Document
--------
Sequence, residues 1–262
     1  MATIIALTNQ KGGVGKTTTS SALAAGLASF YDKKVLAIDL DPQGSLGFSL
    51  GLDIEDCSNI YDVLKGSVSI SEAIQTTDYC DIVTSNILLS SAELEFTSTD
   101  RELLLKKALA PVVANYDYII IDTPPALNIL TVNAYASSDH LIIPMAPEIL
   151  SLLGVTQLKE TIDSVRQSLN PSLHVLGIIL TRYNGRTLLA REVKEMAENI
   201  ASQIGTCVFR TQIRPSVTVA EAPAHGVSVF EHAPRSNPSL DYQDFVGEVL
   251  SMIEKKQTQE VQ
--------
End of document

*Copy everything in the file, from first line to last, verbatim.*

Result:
Sequence, residues 1–262
     1  MATIIALTNQ KGGVGKTTTS SALAAGLASF YDKKVLAIDL DPQGSLGFSL
    51  GLDIEDCSNI YDVLKGSVSI SEAIQTTDYC DIVTSNILLS SAELEFTSTD
   101  RELLLKKALA PVVANYDYII IDTPPALNIL TVNAYASSDH LIIPMAPEIL
   151  SLLGVTQLKE TIDSVRQSLN PSLHVLGIIL TRYNGRTLLA REVKEMAENI
   201  ASQIGTCVFR TQIRPSVTVA EAPAHGVSVF EHAPRSNPSL DYQDFVGEVL
   251  SMIEKKQTQE VQ